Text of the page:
Quite a few aspects of the global telecoms sector have a degree of novelty about them and can be stimulating but one that doesn’t really cut the mustard in the excitement stakes is inventory efficiency in a bricks and mortar store. See, you’re probably glazing over already.
However, while the subject isn’t exactly a gut-grabber, the fact is that if physical retail outlets are truly to transform their operational efficiency in the age of Amazon and its e-commerce ilk, (which is what all of them claim they want to do) they are going to have to perfect the art of maintaining something like 99.99 per cent inventory accuracy.
It’s straightforward really, stores that don’t know exactly where individual items of stock are located and how many there are of them won’t be able to serve their customers properly, nor will they be able to carry through what, in the trade, is referred as “competitive omnichannel retail strategy.” What this really means is a multichannel approach to sales that seeks to provide the customer with a seamless shopping experience whether that customer is shopping online from a desktop or mobile device, by telephone or is physically wandering the aisles of a brick-and-mortar store.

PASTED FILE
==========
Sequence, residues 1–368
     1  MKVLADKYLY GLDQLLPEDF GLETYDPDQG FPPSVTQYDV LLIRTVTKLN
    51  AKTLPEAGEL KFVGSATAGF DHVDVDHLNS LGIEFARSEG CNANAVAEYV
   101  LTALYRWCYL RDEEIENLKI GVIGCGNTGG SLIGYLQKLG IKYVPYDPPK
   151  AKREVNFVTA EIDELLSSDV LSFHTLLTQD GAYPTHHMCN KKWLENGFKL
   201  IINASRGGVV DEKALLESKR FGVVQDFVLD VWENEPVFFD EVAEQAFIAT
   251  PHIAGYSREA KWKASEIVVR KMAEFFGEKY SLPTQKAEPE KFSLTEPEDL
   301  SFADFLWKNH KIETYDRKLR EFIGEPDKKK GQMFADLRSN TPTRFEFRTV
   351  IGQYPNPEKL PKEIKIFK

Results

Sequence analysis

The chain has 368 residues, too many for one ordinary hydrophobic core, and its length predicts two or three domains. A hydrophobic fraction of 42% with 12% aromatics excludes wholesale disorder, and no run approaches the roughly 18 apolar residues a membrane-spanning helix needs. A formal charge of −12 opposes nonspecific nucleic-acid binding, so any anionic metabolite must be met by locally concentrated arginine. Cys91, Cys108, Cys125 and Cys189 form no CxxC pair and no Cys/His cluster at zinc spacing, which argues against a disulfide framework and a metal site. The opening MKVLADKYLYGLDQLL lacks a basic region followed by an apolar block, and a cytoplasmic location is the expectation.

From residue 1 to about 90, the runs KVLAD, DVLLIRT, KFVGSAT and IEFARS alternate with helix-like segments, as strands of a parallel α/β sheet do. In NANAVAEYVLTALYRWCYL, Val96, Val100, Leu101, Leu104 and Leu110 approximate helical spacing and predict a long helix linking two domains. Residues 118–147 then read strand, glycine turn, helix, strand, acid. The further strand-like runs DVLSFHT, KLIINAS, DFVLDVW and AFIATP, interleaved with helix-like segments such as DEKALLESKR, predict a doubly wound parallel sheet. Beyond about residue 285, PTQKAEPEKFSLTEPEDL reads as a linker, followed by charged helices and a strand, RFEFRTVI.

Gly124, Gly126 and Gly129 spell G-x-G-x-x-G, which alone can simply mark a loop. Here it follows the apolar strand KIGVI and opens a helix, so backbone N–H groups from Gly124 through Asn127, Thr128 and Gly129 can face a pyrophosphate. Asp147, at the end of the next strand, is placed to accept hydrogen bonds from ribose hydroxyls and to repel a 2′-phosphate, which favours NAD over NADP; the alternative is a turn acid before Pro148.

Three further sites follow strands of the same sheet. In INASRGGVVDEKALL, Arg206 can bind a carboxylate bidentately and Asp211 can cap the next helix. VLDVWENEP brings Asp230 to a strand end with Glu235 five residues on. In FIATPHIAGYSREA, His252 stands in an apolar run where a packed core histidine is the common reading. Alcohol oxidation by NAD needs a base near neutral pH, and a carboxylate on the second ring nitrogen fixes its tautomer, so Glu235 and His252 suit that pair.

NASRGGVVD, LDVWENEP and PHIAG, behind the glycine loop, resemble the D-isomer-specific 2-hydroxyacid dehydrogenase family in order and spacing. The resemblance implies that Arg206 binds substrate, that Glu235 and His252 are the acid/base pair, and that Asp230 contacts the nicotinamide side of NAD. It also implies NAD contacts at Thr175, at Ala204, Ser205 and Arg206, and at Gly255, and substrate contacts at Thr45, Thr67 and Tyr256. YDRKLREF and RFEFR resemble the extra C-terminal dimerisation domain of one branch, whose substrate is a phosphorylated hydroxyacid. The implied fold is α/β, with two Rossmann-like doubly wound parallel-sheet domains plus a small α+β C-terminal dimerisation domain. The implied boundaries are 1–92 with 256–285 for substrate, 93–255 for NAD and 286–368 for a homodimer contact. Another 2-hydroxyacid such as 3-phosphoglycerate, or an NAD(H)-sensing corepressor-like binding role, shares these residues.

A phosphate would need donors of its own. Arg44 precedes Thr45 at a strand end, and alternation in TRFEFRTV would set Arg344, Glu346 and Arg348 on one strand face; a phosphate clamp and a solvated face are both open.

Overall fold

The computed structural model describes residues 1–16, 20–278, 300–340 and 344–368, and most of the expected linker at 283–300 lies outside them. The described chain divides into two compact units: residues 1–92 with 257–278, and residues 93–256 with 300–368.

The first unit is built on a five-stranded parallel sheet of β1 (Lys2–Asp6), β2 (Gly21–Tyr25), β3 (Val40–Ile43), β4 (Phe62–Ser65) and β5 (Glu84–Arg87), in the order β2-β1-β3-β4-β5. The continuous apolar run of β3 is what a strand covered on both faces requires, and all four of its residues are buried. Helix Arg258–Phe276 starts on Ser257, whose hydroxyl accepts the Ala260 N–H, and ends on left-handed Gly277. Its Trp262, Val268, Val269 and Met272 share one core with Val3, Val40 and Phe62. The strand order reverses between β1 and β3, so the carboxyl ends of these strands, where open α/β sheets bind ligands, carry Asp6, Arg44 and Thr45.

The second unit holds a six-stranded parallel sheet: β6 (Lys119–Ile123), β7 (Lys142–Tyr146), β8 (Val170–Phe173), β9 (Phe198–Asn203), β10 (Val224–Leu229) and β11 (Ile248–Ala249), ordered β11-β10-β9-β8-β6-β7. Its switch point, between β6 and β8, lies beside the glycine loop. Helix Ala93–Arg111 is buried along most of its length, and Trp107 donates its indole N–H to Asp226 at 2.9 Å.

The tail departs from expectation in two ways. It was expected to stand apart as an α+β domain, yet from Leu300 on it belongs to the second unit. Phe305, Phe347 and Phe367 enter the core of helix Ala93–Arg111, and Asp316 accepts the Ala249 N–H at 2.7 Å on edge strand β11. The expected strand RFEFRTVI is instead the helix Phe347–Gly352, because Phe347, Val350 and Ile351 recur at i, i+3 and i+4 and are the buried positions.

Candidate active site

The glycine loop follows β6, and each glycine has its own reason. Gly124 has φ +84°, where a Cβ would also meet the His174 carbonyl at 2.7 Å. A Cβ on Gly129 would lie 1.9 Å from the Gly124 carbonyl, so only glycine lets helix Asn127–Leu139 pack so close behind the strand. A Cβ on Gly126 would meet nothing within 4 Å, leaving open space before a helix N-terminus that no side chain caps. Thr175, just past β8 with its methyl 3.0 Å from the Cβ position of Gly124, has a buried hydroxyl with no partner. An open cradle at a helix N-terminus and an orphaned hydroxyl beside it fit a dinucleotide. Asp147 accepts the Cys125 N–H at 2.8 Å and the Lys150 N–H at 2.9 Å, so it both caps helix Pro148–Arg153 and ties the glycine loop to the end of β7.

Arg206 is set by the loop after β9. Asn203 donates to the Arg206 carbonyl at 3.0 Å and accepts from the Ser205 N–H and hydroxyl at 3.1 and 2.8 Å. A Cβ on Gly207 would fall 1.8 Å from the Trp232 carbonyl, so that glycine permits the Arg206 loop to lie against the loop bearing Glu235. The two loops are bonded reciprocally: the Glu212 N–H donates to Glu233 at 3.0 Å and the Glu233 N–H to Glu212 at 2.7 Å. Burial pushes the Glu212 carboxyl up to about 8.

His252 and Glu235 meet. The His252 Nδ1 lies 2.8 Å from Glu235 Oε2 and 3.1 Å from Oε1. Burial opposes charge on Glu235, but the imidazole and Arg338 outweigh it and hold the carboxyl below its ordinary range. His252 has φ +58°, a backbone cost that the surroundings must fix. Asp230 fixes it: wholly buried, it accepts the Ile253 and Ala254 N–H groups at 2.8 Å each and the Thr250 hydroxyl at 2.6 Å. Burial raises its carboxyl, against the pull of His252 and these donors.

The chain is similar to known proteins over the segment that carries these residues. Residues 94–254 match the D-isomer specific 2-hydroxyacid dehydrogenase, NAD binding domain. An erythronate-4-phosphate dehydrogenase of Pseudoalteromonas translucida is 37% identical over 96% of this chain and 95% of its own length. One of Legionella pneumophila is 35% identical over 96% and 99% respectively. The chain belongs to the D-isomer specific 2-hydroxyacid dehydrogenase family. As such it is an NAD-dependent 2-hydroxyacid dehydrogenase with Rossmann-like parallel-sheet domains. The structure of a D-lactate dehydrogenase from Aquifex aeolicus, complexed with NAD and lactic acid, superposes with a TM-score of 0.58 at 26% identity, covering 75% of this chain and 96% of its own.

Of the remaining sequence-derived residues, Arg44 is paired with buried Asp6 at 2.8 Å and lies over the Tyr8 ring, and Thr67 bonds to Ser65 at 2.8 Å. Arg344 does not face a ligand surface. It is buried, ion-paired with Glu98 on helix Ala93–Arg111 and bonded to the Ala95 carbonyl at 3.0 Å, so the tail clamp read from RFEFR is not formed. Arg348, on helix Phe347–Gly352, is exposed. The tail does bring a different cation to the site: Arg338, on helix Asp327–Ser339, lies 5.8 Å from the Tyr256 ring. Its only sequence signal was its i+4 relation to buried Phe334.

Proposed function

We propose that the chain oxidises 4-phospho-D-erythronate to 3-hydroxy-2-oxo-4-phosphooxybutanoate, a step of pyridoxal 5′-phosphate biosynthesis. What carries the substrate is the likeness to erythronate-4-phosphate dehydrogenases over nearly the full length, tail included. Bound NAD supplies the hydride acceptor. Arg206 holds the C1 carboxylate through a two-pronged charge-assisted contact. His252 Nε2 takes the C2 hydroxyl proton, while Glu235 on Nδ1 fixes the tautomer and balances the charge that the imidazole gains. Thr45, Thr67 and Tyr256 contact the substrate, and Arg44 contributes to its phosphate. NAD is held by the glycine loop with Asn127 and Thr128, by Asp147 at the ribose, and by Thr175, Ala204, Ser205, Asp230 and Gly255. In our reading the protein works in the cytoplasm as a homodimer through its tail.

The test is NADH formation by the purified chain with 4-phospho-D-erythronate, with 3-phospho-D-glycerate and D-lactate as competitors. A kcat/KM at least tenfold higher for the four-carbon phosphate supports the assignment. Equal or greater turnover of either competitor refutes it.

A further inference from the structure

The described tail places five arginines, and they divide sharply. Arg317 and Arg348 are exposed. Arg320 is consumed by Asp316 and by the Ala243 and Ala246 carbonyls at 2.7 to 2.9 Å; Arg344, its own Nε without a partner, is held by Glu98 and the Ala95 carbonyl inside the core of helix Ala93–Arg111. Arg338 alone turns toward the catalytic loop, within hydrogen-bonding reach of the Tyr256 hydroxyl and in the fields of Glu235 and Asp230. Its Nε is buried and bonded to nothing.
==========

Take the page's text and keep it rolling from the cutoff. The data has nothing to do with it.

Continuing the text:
It is a fact of life that for retailers still using traditional inventory counting methods in sectors such as fashion and soft goods, inventory accuracy can, and frequently does, fall to 65 per cent. And if a shop doesn’t know where 35 per cent of it’s stock is, the shopping experience for the customer is going to be dismal and that means disappointed punters and lost sales.
There is a solution. It includes a resurgent RFID sector and the arrival of a new boy in the shop, AI. RFID use in retail fashion can quickly provide greatly increased ROI. ABI Research reckons that a clothing store with a turnover of about US$6 million can realistically achieve a 44 per cent ROI within the first year, and that returns will continue to rise from there to reach over 200 per cent in year three.
Then there’s the huge number of shelf-based shops personified by grocery stores and supermarkets. It is commonplace in those environments for shop workers to spend 20 hours of a 40 hour working week simply counting stock. It’s crazy and unsustainable. Automated inventory process will save enormous sums in terms of labour costs whilst driving sales and improving the customer experience. It’s the only way to go.